Programming on a silicon quantum chip
Quantum technology makes a great leap forward. While scientists can control a few qubits with great reliability, it doesn’t yet look like a real computer. Useful quantum chips require programmability: the ability to perform an arbitrary set of operations. Scientists from QuTech in Delft have now realised a programmable two-qubit quantum processor in silicon successfully implementing two quantum algorithms. They have published their work in the magazine Nature.
Designing and testing medical instruments without expensive prototypes
Complex new medical instruments often do not make it beyond the expensive and time-consuming prototype phase. With this in mind, Ewout Arkenbout developed a new, virtual development method allowing for instruments to be evaluated and adjusted at an earlier stage. On Monday 12 February, Arkenbout will be awarded his PhD at TU Delft for his work on this subject.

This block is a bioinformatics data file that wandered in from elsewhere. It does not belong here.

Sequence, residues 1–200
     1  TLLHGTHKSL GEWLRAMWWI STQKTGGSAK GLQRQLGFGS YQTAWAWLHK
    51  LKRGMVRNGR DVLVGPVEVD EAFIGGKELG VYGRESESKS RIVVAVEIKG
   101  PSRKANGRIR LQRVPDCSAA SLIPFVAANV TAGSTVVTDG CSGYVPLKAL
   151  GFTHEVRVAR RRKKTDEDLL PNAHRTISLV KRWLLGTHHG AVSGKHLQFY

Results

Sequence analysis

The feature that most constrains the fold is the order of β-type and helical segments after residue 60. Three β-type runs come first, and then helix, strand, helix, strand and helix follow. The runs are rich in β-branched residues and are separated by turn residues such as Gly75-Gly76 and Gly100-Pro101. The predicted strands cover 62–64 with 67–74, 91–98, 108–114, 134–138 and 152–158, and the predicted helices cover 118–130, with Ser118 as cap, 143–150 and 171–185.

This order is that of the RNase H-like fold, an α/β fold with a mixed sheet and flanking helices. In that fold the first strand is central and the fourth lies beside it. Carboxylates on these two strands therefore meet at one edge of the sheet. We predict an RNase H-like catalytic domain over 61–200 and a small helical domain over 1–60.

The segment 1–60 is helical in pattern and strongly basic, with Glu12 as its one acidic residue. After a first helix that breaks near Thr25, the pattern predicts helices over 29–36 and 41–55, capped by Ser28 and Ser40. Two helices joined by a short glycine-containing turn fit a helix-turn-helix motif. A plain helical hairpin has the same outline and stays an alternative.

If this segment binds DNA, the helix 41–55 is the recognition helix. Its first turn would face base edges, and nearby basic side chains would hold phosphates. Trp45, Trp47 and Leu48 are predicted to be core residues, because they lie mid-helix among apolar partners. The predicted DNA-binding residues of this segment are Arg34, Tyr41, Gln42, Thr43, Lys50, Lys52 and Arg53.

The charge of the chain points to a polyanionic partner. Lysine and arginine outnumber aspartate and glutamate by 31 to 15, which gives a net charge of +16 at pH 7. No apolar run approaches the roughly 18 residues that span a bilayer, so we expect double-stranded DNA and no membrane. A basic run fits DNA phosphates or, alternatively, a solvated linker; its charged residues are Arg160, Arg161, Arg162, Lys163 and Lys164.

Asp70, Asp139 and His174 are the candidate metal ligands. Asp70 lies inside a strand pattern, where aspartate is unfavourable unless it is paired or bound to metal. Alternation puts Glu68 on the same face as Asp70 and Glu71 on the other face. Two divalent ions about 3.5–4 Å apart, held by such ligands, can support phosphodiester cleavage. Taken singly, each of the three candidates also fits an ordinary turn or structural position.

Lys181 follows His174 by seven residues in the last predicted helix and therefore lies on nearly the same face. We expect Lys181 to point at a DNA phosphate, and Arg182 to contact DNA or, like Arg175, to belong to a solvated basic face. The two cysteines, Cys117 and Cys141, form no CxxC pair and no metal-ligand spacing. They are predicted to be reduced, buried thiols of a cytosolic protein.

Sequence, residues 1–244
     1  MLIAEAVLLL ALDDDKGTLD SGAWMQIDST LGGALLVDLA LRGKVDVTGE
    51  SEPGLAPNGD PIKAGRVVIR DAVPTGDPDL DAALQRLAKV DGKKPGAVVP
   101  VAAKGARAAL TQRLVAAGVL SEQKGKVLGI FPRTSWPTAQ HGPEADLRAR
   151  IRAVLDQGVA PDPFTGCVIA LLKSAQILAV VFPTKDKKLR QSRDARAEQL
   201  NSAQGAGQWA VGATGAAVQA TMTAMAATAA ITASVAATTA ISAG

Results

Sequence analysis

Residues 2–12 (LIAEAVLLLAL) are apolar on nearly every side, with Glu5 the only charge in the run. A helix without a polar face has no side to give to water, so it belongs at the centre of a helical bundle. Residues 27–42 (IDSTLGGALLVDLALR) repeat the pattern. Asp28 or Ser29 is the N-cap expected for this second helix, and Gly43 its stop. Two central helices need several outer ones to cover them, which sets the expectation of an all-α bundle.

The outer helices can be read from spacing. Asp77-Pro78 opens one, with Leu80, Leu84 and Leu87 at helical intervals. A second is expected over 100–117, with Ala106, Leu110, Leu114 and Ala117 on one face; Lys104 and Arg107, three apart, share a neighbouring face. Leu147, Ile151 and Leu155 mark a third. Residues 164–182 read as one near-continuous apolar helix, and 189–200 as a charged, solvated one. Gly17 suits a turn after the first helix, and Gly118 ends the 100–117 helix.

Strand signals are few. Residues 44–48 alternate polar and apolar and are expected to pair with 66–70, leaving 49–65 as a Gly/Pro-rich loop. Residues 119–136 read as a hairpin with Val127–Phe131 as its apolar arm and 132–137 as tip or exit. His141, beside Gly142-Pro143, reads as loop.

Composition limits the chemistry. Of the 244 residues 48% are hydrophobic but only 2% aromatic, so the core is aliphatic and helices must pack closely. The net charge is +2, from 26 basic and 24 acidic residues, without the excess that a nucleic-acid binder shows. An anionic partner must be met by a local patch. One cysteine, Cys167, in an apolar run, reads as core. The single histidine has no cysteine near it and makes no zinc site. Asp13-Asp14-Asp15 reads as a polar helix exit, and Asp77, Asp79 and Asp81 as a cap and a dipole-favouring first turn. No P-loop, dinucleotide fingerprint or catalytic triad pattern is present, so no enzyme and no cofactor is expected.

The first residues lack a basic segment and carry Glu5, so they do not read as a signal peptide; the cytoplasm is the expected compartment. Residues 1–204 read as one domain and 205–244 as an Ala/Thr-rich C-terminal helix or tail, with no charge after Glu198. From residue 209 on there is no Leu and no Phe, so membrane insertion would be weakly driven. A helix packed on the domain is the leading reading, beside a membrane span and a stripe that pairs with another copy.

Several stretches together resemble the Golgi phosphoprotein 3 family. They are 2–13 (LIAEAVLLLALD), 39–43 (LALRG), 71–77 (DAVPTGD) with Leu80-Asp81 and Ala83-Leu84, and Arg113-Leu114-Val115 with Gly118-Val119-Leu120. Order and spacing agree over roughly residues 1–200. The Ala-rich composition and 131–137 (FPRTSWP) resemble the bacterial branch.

Mathematics explains why Crispr-Cas9 sometimes cuts the wrong DNA
The discovery of the Cas9 protein has been of great value to medical science. It has simplified gene editing tremendously, and may even make it possible to eliminate many hereditary diseases in the near future. Using Cas9, researchers have the ability to cut DNA in a cell to correct mutated genes, or paste new pieces of genetic material into the newly opened spot. Initially, the Crispr-Cas9 system seemed to be extremely accurate. But unfortunately, it is now apparent that Cas9 sometimes also cuts other DNA sequences similar to the exact sequences it was programmed to target. Scientists at Delft University of Technology have developed a mathematical model that explains why Cas9 cuts some DNA sequences while leaving others alone.
The quest to find the optimal speed skating technique
In her search to determine the optimal speed skating technique, doctoral candidate Eline van der Kruk developed a dynamic computer model of a skater and instrumented clap skates. In the future, these will make it possible to offer skaters and coaches real-time visual feedback during training sessions. On Thursday 8 February, the day before the start of the Winter Olympics, Van der Kruk will be awarded her PhD at TU Delft for her work on this subject.